investing primarily in infrastructure in Africa – building roads, railway 
tracks, power plants, and so on. Such investments provide the backbone for 
economic activity and growth.  
South Africa is the largest economy in Africa, and it is the only country on 
the continent where we think the “frontier” market label doesn’t  apply. South 
Africa stands out among its African peers with a large, wide, deep and liquid 
equity market. Moreover, a number of South African companies provide exposure 
to markets further north that might be difficult to secure locally. South 
Africa’s corporate  governance is held in high esteem by many in the global 
investment community, and it is also a country that has proven able to reinvent 
itself politically and economically. We believe South Africa and its people 
appear well positioned for greater long-term  prosperity.  
Could you name some frontier countries that have significant growth potential 
and explain why?  
Individual countries such as Nigeria and Kenya are projected to continue 
growing faster than other economies globally. Growth on this scale  has created 
burgeoning middle-class populations and dynamic domestic economies that can 
provide opportunities for consumer companies as well as a degree of insulation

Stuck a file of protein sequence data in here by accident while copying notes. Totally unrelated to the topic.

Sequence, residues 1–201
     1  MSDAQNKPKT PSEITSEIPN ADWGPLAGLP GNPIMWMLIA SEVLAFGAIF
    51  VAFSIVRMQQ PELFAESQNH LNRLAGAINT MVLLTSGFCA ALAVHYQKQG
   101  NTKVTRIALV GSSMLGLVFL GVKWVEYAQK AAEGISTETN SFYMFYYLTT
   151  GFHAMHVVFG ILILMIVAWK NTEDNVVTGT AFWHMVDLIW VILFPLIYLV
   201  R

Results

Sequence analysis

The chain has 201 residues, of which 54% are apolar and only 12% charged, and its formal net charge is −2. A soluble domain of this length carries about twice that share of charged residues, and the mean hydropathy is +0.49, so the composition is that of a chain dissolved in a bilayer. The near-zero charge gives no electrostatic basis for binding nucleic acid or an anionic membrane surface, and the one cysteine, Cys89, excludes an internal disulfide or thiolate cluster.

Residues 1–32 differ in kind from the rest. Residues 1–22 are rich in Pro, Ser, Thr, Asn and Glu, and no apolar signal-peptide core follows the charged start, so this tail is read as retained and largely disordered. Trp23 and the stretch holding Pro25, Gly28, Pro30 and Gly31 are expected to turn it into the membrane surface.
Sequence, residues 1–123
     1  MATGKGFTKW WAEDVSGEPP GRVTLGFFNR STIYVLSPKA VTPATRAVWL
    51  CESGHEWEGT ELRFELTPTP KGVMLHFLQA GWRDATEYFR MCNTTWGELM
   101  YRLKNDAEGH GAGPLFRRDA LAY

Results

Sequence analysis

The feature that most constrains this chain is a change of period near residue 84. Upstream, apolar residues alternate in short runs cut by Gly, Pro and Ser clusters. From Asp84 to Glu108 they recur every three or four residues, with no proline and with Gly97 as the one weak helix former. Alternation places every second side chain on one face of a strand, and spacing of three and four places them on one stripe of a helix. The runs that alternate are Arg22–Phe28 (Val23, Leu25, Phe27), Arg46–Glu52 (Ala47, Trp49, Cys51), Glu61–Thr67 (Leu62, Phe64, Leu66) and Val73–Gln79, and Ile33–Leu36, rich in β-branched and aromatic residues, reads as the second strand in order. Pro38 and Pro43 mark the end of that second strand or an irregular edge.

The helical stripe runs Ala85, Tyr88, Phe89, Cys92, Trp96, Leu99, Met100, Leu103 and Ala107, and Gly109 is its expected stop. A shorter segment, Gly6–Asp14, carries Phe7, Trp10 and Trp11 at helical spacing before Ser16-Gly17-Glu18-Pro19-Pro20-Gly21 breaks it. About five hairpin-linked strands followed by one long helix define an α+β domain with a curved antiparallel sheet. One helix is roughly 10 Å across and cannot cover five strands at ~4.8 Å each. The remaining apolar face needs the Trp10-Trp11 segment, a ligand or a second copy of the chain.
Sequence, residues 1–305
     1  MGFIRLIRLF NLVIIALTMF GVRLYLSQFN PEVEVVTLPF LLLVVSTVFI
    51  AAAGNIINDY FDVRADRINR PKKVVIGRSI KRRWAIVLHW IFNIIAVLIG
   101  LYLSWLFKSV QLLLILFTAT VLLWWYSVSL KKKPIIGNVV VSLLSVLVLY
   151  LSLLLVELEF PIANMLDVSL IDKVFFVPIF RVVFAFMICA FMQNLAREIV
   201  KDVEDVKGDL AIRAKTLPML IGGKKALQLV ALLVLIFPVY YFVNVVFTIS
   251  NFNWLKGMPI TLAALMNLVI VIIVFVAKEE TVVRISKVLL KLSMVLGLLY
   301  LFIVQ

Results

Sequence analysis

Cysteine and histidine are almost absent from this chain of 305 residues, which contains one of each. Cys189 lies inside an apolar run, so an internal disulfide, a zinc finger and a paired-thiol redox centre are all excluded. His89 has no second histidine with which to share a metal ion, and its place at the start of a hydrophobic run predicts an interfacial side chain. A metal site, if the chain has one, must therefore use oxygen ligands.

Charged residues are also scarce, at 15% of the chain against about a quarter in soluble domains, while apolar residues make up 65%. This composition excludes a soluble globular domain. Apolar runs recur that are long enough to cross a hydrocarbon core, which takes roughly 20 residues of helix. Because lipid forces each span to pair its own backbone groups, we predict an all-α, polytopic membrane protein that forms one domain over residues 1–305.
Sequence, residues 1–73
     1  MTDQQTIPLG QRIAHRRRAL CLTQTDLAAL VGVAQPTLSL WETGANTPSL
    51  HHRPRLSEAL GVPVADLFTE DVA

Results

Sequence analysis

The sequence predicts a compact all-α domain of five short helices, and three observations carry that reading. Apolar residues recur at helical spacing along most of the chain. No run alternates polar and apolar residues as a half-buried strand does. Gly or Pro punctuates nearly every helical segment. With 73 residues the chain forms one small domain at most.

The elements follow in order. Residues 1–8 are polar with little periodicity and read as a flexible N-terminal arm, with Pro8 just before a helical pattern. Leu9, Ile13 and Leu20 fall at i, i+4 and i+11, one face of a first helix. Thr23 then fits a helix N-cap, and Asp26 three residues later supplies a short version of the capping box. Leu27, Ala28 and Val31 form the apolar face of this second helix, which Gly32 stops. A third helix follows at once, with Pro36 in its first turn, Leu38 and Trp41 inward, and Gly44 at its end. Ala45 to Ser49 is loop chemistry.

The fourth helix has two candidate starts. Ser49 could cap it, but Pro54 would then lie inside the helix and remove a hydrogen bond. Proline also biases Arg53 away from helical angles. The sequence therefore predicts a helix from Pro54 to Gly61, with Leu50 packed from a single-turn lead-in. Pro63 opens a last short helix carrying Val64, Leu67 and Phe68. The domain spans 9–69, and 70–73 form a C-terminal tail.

from problems in developed markets. 
Nigeria is the second-biggest sub-Saharan African country with plentiful 
natural resources, but at present it is held back by a critical  lack of 
infrastructure, notably power. The country’s reformed banking system has 
provided an attractive means to invest in a fast-growing domestic economy, in 
our view, and we will look to invest in other areas as regulatory reform 
Kenya, with a new constitution following serious political disturbances in 
2007, is attractive to us both for its significant natural assets,  notably in 
agriculture, and as an entry point for much of the investment into the rest of 
Africa. A well-regulated telecommunications market provides opportunities to 
invest in mobile telephony, in our view, while investment opportunities in 
retail and banking  are also available. 
Myanmar is also another country where we see opportunities. Firstly, our hopes 
are high that Ms. Aung San Suu Kyi will nurture this historically troubled  
nation into a new era of democracy and personal freedom. We had already 
witnessed an improvement in Myanmar’s relations with the rest of the world, 
signaled by a visit from US Secretary of State Hillary Clinton, an exchange of 
ambassadors with the US, and  collaboration with the International Monetary 
Fund (IMF) on currency reforms. As we see it, for Myanmar to realize its full 
potential, it must work to convince Western countries to ease or eliminate 
sanctions, bring in foreign direct investment and develop  its infrastructure. 
We believe investment is essential to the reform process, and successful 
reforms generally raise economic productivity, which in turn could help bring 
more goods and services to the public.